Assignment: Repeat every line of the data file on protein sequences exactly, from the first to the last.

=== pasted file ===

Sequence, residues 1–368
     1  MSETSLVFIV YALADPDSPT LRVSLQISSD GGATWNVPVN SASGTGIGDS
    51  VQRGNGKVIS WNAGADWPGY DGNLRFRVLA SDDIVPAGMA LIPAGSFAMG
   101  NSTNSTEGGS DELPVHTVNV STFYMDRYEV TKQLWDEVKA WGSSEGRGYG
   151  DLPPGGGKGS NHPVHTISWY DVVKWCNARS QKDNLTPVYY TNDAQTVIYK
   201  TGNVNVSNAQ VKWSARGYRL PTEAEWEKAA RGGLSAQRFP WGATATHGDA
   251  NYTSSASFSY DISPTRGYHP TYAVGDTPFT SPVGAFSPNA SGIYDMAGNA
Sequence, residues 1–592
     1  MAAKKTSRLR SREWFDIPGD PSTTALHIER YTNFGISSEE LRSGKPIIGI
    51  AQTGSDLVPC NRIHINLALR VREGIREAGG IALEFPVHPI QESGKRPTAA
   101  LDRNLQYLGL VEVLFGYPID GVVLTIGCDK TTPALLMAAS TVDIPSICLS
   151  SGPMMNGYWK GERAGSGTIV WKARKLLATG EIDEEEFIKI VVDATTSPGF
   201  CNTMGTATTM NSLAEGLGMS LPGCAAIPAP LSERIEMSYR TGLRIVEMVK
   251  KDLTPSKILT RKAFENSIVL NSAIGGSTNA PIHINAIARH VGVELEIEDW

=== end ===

Sequence, residues 1–368
     1  MSETSLVFIV YALADPDSPT LRVSLQISSD GGATWNVPVN SASGTGIGDS
    51  VQRGNGKVIS WNAGADWPGY DGNLRFRVLA SDDIVPAGMA LIPAGSFAMG
   101  NSTNSTEGGS DELPVHTVNV STFYMDRYEV TKQLWDEVKA WGSSEGRGYG
   151  DLPPGGGKGS NHPVHTISWY DVVKWCNARS QKDNLTPVYY TNDAQTVIYK
   201  TGNVNVSNAQ VKWSARGYRL PTEAEWEKAA RGGLSAQRFP WGATATHGDA
   251  NYTSSASFSY DISPTRGYHP TYAVGDTPFT SPVGAFSPNA SGIYDMAGNA
Sequence, residues 1–592
     1  MAAKKTSRLR SREWFDIPGD PSTTALHIER YTNFGISSEE LRSGKPIIGI
    51  AQTGSDLVPC NRIHINLALR VREGIREAGG IALEFPVHPI QESGKRPTAA
   101  LDRNLQYLGL VEVLFGYPID GVVLTIGCDK TTPALLMAAS TVDIPSICLS
   151  SGPMMNGYWK GERAGSGTIV WKARKLLATG EIDEEEFIKI VVDATTSPGF
   201  CNTMGTATTM NSLAEGLGMS LPGCAAIPAP LSERIEMSYR TGLRIVEMVK
   251  KDLTPSKILT RKAFENSIVL NSAIGGSTNA PIHINAIARH VGVELEIEDW